If you would like more information about crowns, please contact us or schedule an appointment for a consultation. You can also learn more about this topic by reading the Dear Doctor magazine articles “Porcelain Crowns & Veneers,” “Gold or Porcelain Crowns,” and “Creating In-Office Dental Restorations With Computers.”
According to NFL football legend Jerry Rice, “Football can be brutalÃ¢Â€Â”injuries, including those to the face and mouth, are a common risk for any player.” And if anyone should know, it would be Jerry.
During an interview with Dear Doctor magazine, the retired NFL pro discussed his good fortune to have had just a few minor dental injuries during his pro playing days. He credits this success to the trainers and protective equipment professional football teams have to keep the players off the injured list. However, this was not the case during his earlier years in football. “There wasn't a lot of focus on protecting your teeth in high school,” he said. “You had to buy your own mouthguard.” He continued, “Things changed, though, when I went to college.”
Unfortunately, not much has changed since Jerry's high school days for young athletes. This is why we feel it is so important that parents and caregivers understand the risks and take proactive steps towards protecting the teeth, gums, bone and soft tissues of their children with a mouthguard. This is especially true for anyone — adults included — participating in high-contact sports such as basketball, baseball, hockey (field and ice), football, soccer, wrestling, martial arts, boxing and activities such as skateboarding, in-line skating and skydiving.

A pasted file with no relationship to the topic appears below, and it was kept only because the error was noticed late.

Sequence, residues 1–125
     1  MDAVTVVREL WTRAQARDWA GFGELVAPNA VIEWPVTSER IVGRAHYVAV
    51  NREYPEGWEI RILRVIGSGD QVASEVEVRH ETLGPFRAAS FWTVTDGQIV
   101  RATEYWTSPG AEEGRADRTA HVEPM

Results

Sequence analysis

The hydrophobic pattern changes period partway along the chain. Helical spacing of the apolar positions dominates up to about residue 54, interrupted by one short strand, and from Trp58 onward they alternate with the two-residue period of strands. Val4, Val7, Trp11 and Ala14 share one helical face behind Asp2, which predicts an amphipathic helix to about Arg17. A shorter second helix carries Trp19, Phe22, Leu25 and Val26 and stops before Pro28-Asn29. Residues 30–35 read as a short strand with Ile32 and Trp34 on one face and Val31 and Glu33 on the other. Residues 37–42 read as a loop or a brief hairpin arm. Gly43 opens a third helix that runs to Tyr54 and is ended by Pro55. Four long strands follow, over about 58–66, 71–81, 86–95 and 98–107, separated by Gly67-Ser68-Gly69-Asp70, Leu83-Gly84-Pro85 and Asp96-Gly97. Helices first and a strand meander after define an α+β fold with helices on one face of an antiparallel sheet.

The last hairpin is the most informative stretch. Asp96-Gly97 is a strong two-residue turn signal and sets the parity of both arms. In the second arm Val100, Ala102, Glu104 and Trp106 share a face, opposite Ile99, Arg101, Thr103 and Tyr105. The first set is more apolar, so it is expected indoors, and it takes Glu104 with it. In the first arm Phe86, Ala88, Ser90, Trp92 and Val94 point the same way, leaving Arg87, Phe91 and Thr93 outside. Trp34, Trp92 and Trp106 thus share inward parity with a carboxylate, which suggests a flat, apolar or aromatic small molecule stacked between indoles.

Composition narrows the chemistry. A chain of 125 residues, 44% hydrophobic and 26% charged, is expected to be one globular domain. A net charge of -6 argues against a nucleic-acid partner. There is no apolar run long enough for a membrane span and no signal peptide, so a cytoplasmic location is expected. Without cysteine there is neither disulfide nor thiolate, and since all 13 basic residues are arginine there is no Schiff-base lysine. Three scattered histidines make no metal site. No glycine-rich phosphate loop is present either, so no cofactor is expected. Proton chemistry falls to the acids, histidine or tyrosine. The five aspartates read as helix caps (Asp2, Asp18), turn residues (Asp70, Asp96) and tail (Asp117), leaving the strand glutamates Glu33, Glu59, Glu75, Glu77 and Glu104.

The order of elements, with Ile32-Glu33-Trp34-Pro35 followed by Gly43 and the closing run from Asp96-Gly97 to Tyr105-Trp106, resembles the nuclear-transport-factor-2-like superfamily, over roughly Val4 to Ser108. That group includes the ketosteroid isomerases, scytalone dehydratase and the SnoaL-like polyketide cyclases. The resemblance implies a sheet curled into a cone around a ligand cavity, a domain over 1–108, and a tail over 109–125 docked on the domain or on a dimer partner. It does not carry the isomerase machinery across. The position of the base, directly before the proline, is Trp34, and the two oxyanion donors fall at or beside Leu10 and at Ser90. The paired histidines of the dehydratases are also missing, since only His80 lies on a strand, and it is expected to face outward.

But all mouthguards are not the same. The best mouthguard, based upon evidence-based research, is one that is custom-designed and made by a dental professional, with the athlete's individual needs taken into account.
We make our custom mouthguards from precise and exact molds of your teeth, and we use resilient and tear-resistant materials. Once completed, it should be comfortable yet fit snugly so that you are able to talk and breathe easily with it in place. It should also be odorless, tasteless, not bulky and have excellent retention, fit and sufficient thickness in critical areas.
And while mouthguards may seem indestructible, they do require proper care. You should clean it before and after each use with a toothbrush and toothpaste, transport and store the mouthguard in a sturdy container that has vents, make sure not to leave it in the sun or in hot water and rinse it with cold, soapy water or mouthwash after each use. And last but not least, you should periodically check it for wear and tear so that you will know when replacement is needed.
To learn more about mouthguards, continue reading the Dear Doctor magazine article “Athletic Mouthguards.” Or you can contact us today to schedule an appointment so that we can conduct a thorough examination and make molds of your teeth for your custom mouthguard. And if you want to read the entire feature article on Jerry Rice continue reading “Jerry Rice — An Unbelievable Rise To NFL Stardom.”